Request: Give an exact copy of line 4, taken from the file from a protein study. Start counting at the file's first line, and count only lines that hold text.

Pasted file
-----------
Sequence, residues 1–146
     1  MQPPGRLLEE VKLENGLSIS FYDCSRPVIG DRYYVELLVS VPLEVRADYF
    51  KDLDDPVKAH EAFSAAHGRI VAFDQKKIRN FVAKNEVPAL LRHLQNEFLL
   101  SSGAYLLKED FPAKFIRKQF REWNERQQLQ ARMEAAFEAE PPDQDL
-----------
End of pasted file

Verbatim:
   101  SSGAYLLKED FPAKFIRKQF REWNERQQLQ ARMEAAFEAE PPDQDL